Actually, I already know the answer. It’s because what you focus on expands (Wayne Dyer). It’s very New-Agey to talk about intention, and mindfulness, but intention and mindfulness are euphemisms for “Pay attention!” as in when you were a little kid and your mom or dad yanked you by the arm out of the way of something or someone, and hissed, “Pay attention!” Or maybe you weren’t spanked as a kid, and instead your teacher dropped a book on your desk in front of you because you were daydreaming and not following along with the rest of your class, and then said loudly, “Pay attention!” until someone complained about that teacher, and now when someone doesn’t pay attention someone else makes a new rule and everybody has expend for the kid who wasn’t paying attention whether or not they were.

Self-discipline, the foundation of personal progress, is like that. If you pay attention, you can accomplish almost anything, and that’s why no one should think 15 minutes everyday isn’t enough time to change a behavior. It is. Give it a try.

 

Normal Is a Cycle on the Washing Machine

In my mind, as long as the weather is good, summer isn’t over. However, the beginning of the new school year, and the return of football indicates that ritual outweighs my imagination.

Sigh.

It’s good to let an imagination run free from time to time, so I took the summer mostly off from blogging.

Preparing paintings for display. Image and paintings by jparadisi 2014

Preparing paintings for display. Image and paintings by jparadisi 2014

I’m back.

I think there’s a tendency to view creative work as less taxing, dare I say less challenging, than nursing. I wouldn’t say less, so much as different: Different types of knowledge, different sets of skills. The biggest difference, I think, lies in accountability. Harsh criticism of their work can damage an artist’s psyche.Missing a deadline for a post or art exhibition is unprofessional and negatively affects the editors and curators writers and artists work with. It leaves them in the lurch, which in turn negatively impacts the artist’s career.

In nursing, however, medication errors can seriously impact a patient’s health, with potential life-changing consequences for patient and nurse.

I discovered something this summer: Taking time off from creative projects creates a vacuum into which other projects, out of nowhere, are sucked in, filling the “free” time I worked so hard to create. I see this phenomenon in the lives of the retired too. In fact, I often tell my Mom, “You’re scaring me; retirement looks twice as busy as working life, without the paycheck.”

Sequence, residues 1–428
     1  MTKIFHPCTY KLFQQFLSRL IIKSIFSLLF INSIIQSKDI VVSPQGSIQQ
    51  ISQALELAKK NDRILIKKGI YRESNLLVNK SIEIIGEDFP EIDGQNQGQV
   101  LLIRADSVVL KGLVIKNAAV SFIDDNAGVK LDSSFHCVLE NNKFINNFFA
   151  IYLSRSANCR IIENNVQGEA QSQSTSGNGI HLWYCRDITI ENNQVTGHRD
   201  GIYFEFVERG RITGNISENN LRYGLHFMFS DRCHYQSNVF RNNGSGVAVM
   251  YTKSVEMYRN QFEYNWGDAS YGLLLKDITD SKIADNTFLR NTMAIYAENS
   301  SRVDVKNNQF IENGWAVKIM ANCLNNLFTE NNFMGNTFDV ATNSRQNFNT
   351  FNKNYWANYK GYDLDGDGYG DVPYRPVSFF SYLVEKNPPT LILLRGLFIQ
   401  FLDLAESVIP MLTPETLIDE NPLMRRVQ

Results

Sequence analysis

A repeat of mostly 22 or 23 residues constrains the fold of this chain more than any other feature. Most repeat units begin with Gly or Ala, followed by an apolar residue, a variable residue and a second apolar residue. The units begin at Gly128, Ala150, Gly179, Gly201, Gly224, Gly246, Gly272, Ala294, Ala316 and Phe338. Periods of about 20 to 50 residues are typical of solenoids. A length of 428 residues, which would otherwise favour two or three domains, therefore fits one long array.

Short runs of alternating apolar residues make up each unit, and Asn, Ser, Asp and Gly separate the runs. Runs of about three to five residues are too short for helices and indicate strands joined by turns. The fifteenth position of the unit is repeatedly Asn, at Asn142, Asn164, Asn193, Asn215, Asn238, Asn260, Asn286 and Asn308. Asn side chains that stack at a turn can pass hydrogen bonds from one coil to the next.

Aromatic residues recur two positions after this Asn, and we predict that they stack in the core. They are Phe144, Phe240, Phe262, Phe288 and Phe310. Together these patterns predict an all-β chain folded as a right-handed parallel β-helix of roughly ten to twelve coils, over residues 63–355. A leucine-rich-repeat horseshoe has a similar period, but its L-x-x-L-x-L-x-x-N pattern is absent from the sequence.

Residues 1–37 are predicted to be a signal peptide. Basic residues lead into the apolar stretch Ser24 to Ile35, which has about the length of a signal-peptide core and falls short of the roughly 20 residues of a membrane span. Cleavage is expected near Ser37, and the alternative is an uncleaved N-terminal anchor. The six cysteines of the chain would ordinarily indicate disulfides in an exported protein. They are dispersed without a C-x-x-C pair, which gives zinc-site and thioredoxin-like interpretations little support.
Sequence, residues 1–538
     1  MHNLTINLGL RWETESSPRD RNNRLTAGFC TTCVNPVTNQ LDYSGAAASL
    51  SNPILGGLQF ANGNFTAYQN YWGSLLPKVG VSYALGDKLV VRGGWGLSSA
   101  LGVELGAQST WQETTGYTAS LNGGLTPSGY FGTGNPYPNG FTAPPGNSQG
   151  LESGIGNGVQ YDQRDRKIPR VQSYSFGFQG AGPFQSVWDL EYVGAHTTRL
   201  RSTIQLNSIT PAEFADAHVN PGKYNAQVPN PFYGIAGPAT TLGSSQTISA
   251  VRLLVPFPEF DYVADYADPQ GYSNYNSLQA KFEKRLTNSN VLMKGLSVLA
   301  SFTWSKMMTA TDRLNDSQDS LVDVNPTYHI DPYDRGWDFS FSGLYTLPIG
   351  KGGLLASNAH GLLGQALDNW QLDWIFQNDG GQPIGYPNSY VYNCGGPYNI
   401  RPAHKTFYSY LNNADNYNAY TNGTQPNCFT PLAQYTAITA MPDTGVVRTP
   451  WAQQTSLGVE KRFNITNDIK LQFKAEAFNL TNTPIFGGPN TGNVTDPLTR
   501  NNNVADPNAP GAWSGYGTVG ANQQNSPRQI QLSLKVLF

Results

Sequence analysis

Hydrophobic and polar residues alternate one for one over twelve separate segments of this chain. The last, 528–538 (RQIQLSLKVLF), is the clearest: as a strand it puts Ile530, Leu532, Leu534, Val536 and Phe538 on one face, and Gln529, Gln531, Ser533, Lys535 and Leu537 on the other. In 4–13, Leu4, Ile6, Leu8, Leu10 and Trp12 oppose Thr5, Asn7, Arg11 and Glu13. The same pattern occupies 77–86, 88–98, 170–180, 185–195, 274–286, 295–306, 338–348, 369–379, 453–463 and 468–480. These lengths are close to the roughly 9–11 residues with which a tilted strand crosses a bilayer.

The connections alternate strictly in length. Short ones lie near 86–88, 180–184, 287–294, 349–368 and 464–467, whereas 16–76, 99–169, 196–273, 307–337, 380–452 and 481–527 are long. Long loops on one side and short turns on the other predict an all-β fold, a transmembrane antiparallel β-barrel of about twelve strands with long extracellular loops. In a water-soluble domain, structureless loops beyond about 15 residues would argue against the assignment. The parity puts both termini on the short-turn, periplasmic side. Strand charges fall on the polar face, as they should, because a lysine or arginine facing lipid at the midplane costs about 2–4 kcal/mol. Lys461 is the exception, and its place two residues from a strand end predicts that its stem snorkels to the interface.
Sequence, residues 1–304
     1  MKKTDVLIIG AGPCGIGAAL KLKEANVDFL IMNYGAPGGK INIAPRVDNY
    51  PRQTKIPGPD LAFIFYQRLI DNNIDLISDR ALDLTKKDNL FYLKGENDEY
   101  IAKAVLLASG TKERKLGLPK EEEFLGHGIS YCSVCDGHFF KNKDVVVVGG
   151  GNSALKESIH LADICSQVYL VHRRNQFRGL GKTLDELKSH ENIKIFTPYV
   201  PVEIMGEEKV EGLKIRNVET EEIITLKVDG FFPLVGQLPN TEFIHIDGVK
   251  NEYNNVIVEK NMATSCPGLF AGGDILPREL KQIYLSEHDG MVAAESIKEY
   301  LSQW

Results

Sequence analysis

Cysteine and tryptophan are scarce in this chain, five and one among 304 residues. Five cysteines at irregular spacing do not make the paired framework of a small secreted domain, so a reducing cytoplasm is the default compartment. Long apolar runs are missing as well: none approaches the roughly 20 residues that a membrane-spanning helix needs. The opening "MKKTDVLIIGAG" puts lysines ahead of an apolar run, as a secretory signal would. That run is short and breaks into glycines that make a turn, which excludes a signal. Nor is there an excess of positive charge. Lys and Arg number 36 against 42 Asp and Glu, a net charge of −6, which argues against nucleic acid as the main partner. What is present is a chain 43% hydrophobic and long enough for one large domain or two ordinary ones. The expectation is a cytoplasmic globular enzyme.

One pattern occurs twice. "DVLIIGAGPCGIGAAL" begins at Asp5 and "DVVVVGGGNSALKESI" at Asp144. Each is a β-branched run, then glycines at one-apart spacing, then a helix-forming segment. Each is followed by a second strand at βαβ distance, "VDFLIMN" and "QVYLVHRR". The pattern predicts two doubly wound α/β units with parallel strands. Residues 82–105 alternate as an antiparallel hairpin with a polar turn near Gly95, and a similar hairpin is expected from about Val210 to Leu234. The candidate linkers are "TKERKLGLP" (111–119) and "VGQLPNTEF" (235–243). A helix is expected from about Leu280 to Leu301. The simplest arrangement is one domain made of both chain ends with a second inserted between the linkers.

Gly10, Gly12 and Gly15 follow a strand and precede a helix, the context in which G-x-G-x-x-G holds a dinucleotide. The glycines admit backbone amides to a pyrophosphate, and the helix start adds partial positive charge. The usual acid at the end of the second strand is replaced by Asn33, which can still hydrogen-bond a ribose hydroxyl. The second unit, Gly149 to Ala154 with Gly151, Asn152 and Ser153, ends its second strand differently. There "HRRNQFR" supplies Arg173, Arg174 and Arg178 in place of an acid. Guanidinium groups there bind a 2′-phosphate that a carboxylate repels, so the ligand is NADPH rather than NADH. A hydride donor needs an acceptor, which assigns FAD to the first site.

Mom just smiles, and says, “Remember, ‘normal’ is a cycle on the washing machine. Don’t wait for things to slow down. They won’t.”

She’s right.

An unexpected project close to my heart this summer was the opportunity to hang my paintings and monotype (one of a kind) prints in a health care setting. It is a very satisfying experience to work with a design team to select and hang art with the intention of improving patient experience. In the past, I’ve sat on selection committees choosing artists for hospital art commissions, but this was my first experience as the selected artist.

For me, it came together when a patient, unaware that I am the artist, made this remark about the art, “It makes me think of other things than why I’m here.”

Bingo. That’s exactly the result I was looking for.

The Adventures of Nurse Niki is back too. The latest episode, At The Raleigh, posted Monday.

Summer vacation brought fresh insights, generating posts for AJN’s Off the Charts. In a drop-in life drawing studio I drew a connection between art and nursing. A road trip with my husband inspired this post. And a close call with danger inspired yet another.

Normal is just a cycle on the washing machine.

 

 

 

Latest Posts: AJN’s Off the Charts & New Nurse Niki

Drawing From Life is my latest post for Off the Charts, the blog of the American Journal of Nursing. It posted yesterday. Often the lines between art and nursing easily blur, like soft charcoal lines smudged on paper. You might want to check it out, or leave a comment.

The Adventures of Nurse Niki now posts new episodes on Mondays, instead of Thursdays. Be sure to read week’s episode, Moving On..

Fast Food Nation: When Customer Service Competes with Patient Safety

by jparadisi

Drive-Thru Health Care by jparadisi